Court commands Park to be more forthcoming

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Court commands Park to be more forthcoming

Reminding President Park Geun-hye that the presumption of innocence does not apply in an impeachment trial, the Constitutional Court Tuesday urged her to more vigorously explain herself in the courtroom and stop using a stalling tactic.

As soon as the court opened the third hearing of Park’s impeachment trial in the morning, Chief Justice Park Han-chul asked the National Assembly’s impeachment committee and Park’s lawyers to cooperate more for a speedy trial.

“I understand that the trial is moving quickly, so you may not have enough time to prepare your arguments,” he said. “But both sides must remember that proceedings must not be delayed.”

On Dec. 9, 2016, the National Assembly passed a motion to impeach Park for having committed violations of the Constitution and criminal laws by allowing her secret inner circle, including longtime friend Choi Soon-sil, to interfere in state affairs. It also accused her of failing to properly respond to the sinking of the Sewol ferry on April 16, 2014, in which 304 passengers died after a delayed government response. The motion said Park violated Article 10 of the Constitution, which demands she protect the lives of citizens.

At Tuesday’s hearing, Justice Kang Il-won, the presiding judge in the case, expressed his frustration with the impeached president. “Why is she keeping mum? I am irritated,” he said.

“She made no response to my demand, although I am the presiding judge,” he said. “My question was about what she already said in an address to the nation, and it’s been over a month. I am frustrated why she is not saying anything.”

At the first pretrial conference on Dec. 22, 2016, Kang asked Park to state specifically since when and how she was assisted by her friend Choi. “She said Choi helped her in speech writing and public affairs, and I want more clear and detailed explanations,” Kang said at the time.

Noting that Park has not submitted an answer to his question, Kang did not hide his displeasure. He reminded Park and her lawyers that an impeachment trial at the Constitutional Court is different from an ordinary criminal trial and implored her to respond more clearly to questions.

“If this was a criminal trial, the accused would be presumed to be innocent, so she could just deny a charge,” Kang said. “But this is an impeachment trial, and the accused must more actively clarify the facts.”

The court also made clear that it was not satisfied with a report submitted by Park on her whereabouts and actions during the sinking of the Sewol. “She must recall her memories and submit another report,” Justice Lee Jin-sung said Tuesday.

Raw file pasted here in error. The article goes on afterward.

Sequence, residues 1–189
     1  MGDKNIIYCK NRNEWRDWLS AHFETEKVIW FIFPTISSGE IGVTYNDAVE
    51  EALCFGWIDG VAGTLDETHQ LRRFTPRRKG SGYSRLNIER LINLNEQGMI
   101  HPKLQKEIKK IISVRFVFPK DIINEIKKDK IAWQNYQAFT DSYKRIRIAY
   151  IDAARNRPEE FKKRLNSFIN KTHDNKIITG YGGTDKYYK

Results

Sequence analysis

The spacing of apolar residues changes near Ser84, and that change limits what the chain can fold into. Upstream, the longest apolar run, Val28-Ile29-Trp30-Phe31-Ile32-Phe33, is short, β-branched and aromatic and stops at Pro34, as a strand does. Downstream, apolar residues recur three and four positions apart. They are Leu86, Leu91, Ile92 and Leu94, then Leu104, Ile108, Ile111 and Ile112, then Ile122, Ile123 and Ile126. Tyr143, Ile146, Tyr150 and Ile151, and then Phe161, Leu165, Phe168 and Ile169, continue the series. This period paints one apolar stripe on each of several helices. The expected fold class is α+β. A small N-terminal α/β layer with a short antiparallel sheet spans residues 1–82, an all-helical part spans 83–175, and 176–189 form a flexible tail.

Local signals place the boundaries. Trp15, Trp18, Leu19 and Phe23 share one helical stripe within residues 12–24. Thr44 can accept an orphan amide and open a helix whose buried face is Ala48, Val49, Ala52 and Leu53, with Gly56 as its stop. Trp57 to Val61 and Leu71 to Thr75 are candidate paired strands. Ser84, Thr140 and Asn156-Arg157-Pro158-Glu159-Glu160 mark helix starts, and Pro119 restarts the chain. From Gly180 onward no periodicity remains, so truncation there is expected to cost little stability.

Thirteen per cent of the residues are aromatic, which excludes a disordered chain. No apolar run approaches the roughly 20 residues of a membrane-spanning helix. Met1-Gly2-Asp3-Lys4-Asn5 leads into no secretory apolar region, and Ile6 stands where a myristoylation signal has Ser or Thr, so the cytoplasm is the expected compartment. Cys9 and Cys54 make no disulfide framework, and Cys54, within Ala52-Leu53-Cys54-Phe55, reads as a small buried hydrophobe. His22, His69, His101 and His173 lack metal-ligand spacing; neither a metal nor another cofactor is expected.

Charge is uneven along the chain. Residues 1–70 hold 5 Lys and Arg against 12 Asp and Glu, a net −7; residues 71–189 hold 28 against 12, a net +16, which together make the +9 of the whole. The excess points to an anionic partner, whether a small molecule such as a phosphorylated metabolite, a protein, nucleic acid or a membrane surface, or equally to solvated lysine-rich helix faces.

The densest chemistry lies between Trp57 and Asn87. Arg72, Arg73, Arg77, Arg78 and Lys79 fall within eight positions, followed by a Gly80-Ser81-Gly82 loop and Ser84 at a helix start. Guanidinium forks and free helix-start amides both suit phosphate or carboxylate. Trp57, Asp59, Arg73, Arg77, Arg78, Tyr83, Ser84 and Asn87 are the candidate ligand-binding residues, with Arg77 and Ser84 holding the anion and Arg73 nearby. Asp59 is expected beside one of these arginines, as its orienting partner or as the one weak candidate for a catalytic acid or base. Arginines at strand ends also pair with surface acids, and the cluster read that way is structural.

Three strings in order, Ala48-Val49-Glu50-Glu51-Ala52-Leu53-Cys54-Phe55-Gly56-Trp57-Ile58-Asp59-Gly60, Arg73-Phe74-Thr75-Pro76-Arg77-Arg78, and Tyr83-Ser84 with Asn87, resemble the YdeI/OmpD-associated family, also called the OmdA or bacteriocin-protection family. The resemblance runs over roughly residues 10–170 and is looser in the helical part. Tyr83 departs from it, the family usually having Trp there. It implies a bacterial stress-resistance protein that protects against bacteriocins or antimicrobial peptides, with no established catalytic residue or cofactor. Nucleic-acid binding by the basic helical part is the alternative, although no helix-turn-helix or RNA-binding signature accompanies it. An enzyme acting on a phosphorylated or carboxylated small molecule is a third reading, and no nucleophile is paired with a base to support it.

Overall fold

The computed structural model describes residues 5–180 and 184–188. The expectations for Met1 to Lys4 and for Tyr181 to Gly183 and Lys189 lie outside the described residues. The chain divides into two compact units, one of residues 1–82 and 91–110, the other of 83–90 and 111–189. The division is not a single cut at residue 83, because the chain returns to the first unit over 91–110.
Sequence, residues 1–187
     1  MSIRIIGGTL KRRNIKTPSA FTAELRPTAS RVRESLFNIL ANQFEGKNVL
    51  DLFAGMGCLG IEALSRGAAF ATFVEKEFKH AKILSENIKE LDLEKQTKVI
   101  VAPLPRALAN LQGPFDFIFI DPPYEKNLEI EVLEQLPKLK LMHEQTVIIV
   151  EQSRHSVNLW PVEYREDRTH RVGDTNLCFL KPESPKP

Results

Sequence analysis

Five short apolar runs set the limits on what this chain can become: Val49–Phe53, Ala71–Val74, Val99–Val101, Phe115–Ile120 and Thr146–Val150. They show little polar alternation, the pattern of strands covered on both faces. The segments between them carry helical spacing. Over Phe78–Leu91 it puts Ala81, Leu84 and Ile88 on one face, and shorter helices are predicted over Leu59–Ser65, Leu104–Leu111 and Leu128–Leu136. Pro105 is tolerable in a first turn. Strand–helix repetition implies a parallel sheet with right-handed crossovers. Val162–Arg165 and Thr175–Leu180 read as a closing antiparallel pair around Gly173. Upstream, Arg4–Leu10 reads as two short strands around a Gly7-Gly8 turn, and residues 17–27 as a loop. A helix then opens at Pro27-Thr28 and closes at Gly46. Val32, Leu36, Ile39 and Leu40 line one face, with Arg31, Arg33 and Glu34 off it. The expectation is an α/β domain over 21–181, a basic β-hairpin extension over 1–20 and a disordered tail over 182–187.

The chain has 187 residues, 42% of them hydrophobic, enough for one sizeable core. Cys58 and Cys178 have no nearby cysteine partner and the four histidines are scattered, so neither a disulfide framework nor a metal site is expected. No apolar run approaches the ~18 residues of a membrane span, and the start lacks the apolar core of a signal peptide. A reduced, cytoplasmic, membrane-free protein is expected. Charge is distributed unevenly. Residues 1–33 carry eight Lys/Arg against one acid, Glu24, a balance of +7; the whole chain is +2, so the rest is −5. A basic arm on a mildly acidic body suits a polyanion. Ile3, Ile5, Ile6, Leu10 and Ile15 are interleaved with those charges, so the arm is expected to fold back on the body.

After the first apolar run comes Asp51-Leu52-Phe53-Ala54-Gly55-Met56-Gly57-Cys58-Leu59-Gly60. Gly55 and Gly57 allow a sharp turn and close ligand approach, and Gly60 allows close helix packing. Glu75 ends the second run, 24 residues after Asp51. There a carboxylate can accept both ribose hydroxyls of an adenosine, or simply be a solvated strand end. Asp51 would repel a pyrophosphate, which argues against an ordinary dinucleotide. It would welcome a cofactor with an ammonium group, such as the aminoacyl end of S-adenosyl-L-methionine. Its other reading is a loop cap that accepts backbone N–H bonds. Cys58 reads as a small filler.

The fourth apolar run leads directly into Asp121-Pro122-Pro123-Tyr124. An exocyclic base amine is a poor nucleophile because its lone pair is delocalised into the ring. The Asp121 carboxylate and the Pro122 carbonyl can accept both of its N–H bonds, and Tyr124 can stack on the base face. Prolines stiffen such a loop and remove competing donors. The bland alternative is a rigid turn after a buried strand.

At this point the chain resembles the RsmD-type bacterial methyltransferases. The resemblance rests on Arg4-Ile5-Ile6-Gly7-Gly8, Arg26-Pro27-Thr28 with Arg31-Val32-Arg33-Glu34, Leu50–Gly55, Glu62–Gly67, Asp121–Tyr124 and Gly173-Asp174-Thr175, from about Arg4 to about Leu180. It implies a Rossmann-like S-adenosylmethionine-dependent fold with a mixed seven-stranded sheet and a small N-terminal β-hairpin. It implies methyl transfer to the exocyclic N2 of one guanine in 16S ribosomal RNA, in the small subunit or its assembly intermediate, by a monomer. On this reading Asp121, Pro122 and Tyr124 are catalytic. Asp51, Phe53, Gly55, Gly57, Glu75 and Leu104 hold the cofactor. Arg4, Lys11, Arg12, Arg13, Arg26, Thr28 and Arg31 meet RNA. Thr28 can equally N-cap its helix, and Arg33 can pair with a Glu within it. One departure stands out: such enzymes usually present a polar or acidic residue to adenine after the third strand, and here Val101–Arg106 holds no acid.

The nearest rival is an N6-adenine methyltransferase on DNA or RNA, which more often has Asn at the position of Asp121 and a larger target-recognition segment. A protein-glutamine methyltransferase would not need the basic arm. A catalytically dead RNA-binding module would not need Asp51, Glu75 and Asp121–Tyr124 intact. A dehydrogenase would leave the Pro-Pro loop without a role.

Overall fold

“The report listed briefings given to the president and orders she made,” Lee said. “But the president must recall her memories and give a detailed account.”

Ahead of the hearing, Park’s lawyers submitted the report, supposedly created in consultation with Park and the Blue House. It was 19 days since Lee asked Park to describe where she was in the Blue House compound, what she did, what was reported to her and what orders she made by each hour “without any omission” during the first seven hours of the Sewol’s sinking on April 16, 2014.

The report stated Park’s actions from 9:53 a.m. until 5:30 p.m. on that day. It said Park received all briefings in the office of her residence, not the presidential office at the Blue House.

Park was first briefed by the National Security Office at 10 a.m. about the accident and made her first order to rescue everyone at 10:15 a.m. Justice Lee pointed out that the report failed to state when she was first aware of the accident and demanded an answer. “TV reports [about the sinking] started sometime after 9 a.m., although she was first briefed at 10 a.m.,” Lee said. “She must answer whether she did not see the TV news.”

Justice Lee also demanded Park submit telephone communication records with then-head of the National Security Office Kim Jang-soo to corroborate her claims that she had numerous communications with him in which she made rescue orders. Park’s lawyers said they will submit an additional report later.

The ferry made its first report about its situation to maritime authorities at 8:52 a.m. Around 10:17 a.m., the ferry capsized and by 11:30 a.m., only a part of the bow was above water. Around 1 p.m., the ship was completely submerged, which the government confirmed at an official briefing at 2 p.m.

The report said that at 2:50 p.m. Park was told that she was misinformed earlier about the rescue mission being successful. Ten minutes later, she gave orders to arrange a visit to the disaster headquarter.

It took two hours and 15 minutes for her to leave the Blue House at 5:15 p.m., and she spent 20 minutes starting from around 3:35 p.m. to do her hair by summoning stylists.

In the report, Park’s lawyers argued against allegations that she had undergone a cosmetic surgery procedure on that day.

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